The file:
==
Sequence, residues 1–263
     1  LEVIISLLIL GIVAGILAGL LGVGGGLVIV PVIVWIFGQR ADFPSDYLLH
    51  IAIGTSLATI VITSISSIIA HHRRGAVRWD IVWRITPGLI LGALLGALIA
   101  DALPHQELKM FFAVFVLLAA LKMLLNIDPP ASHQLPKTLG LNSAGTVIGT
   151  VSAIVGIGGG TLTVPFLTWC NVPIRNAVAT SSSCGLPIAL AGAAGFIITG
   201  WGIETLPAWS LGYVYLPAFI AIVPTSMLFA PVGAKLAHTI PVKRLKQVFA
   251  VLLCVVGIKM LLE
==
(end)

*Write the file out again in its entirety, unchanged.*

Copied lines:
Sequence, residues 1–263
     1  LEVIISLLIL GIVAGILAGL LGVGGGLVIV PVIVWIFGQR ADFPSDYLLH
    51  IAIGTSLATI VITSISSIIA HHRRGAVRWD IVWRITPGLI LGALLGALIA
   101  DALPHQELKM FFAVFVLLAA LKMLLNIDPP ASHQLPKTLG LNSAGTVIGT
   151  VSAIVGIGGG TLTVPFLTWC NVPIRNAVAT SSSCGLPIAL AGAAGFIITG
   201  WGIETLPAWS LGYVYLPAFI AIVPTSMLFA PVGAKLAHTI PVKRLKQVFA
   251  VLLCVVGIKM LLE